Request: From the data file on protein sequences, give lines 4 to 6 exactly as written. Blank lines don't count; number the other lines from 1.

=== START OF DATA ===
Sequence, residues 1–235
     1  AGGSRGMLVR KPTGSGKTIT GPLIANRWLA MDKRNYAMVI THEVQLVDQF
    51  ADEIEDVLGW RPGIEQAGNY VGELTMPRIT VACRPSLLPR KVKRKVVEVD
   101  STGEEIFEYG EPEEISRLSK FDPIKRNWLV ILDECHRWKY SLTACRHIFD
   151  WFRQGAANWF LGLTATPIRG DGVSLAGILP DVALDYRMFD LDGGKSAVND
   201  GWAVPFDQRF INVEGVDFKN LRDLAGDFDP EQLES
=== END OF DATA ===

   101  STGEEIFEYG EPEEISRLSK FDPIKRNWLV ILDECHRWKY SLTACRHIFD
   151  WFRQGAANWF LGLTATPIRG DGVSLAGILP DVALDYRMFD LDGGKSAVND
   201  GWAVPFDQRF INVEGVDFKN LRDLAGDFDP EQLES